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AWS adds browser access to its cloudy WorkSpaces desktops – but not for Linux • The Register

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Amazon Web Services has stolen a march on Microsoft’s cloud desktop plans by adding browser access to its WorkSpaces desktop-as-a-service offering.

Browser access will only work for WorkSpaces running Windows. Linux users are out in the cold and AWS hasn’t said when or if penguin-powered desktops will get to play. The service uses Amazon’s WorkSpaces Streaming Protocol (WSP), which doesn’t allow use of graphics-intensive instance types. AWS customers that run WorkSpaces from the Asia Pacific (Mumbai) and GovCloud (US-West) Regions also need not apply.

For the rest of us, the service means browsers are now approved clients for an AWS WorkSpace – but not without complications. WorkSpaces set up to stream over the PCoIP protocol will work in Chrome or Firefox. WSP WorkSpaces can use any Chromium-based browser.

AWS’s rationale for the new access offering is that it “allows users to remain productive when connecting from computers where a web browser experience may be optimal, for example on personally-owned or locked-down devices where installing and maintaining a client application can be challenging.”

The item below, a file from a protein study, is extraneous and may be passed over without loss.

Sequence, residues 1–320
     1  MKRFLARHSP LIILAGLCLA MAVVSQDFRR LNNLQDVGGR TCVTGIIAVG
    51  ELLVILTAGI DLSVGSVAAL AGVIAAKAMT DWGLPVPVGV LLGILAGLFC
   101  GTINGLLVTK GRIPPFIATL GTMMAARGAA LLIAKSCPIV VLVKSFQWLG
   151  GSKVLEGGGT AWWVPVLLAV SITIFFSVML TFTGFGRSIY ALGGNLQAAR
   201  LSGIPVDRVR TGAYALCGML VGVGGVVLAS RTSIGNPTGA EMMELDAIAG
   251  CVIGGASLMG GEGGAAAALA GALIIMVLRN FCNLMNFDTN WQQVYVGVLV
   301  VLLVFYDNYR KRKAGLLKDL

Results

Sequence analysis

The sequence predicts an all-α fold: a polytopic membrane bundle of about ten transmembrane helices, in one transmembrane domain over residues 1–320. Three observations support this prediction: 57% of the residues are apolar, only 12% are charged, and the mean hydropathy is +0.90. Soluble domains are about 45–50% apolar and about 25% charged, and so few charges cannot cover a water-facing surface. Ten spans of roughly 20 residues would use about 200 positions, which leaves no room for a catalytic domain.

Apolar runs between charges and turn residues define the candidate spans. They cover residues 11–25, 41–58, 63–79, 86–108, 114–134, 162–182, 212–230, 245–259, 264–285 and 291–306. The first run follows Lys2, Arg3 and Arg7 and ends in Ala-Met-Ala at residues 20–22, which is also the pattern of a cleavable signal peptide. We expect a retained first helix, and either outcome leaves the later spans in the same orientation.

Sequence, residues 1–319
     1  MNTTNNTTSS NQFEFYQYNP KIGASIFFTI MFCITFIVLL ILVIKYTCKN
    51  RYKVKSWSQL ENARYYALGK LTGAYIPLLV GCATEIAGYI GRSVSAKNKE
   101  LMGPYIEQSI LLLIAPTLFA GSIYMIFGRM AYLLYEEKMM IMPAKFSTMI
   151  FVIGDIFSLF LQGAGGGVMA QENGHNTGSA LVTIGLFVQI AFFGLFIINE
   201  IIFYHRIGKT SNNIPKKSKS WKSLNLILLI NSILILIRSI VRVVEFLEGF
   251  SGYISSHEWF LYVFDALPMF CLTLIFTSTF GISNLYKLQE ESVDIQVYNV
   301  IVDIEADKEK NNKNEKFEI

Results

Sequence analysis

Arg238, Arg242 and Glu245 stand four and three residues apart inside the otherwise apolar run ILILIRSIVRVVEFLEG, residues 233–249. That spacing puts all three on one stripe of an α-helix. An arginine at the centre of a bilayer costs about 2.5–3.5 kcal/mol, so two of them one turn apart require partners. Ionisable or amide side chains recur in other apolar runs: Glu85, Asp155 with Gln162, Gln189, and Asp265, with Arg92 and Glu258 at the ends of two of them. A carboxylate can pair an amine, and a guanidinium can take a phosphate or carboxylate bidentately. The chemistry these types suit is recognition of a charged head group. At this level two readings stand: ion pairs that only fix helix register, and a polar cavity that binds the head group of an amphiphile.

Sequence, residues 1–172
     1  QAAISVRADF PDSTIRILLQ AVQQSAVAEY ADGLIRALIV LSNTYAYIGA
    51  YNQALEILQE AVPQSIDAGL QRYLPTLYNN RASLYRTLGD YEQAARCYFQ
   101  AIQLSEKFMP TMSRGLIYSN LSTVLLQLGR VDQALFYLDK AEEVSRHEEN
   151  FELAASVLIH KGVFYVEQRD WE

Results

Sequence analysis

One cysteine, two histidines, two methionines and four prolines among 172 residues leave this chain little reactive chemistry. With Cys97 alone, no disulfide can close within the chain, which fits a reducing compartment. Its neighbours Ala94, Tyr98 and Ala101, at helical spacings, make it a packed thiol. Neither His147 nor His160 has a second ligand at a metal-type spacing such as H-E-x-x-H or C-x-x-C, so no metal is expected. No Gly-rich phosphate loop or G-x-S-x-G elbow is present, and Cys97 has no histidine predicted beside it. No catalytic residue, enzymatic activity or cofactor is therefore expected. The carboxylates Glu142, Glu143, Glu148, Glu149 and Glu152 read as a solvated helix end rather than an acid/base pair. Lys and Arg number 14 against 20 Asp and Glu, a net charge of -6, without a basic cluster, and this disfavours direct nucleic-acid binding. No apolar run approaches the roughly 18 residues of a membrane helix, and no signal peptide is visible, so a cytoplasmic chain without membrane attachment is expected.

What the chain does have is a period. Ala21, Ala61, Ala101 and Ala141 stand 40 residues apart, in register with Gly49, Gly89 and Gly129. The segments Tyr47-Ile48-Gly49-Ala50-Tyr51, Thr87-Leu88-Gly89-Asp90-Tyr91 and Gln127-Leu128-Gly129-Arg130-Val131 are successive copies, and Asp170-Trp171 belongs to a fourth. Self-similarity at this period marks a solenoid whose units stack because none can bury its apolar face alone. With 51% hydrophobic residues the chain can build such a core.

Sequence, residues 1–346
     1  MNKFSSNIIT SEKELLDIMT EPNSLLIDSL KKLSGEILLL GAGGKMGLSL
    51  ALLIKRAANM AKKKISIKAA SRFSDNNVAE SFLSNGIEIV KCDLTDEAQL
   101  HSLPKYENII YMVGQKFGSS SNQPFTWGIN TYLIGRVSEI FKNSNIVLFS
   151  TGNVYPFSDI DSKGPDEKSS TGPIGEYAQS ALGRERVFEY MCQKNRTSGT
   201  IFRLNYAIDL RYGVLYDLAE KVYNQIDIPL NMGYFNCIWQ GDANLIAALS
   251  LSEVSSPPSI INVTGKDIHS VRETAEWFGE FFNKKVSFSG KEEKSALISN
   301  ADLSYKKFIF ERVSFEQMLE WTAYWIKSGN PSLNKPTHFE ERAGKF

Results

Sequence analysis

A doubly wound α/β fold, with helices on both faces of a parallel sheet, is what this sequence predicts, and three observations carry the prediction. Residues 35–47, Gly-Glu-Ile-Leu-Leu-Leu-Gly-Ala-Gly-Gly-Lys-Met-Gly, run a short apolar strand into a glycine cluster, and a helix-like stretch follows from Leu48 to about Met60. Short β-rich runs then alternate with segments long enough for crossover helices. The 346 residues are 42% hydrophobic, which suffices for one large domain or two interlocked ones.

Which sounds reasonable given there’s been quite an increase in working remotely lately for … certain reasons about which The Register assumes readers don’t need to be reminded.

AWS’s documentation for the option doesn’t suggest it costs any more than the current option to access WorkSpaces with a client app.

The service is not a flick-a-switch affair. Would-be users will need to enable web access for their workspaces, tickle some network settings, and then reboot the virtual PC.

AWS’s addition of web access for WorkSpaces comes hot on the heels of Microsoft’s announcement of cloudy PCs under the Windows 365 moniker. Microsoft’s forthcoming services will also include web access.

Microsoft styles Windows 365 as SaaS – a contrast with the PaaS approach of its Azure Virtual desktop. AWS WorkSpaces are in the latter camp, so adding web access is nice but won’t really make the service a direct challenge to Windows 365. ®

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British home computer trailblazer dies aged 81 • The Register

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Sir Clive Sinclair died on Thursday at home in London after a long illness, his family said today. He was 81.

The British entrepreneur is perhaps best known for launching the ZX range of 8-bit microcomputers, which helped bring computing, games, and programming into UK homes in the 1980s, at least. This included the ZX80, said to be the UK’s first mass-market home computer for under £100, the ZX81, and the trusty ZX Spectrum. A whole generation grew up in Britain mastering coding on these kinds of systems in their bedrooms.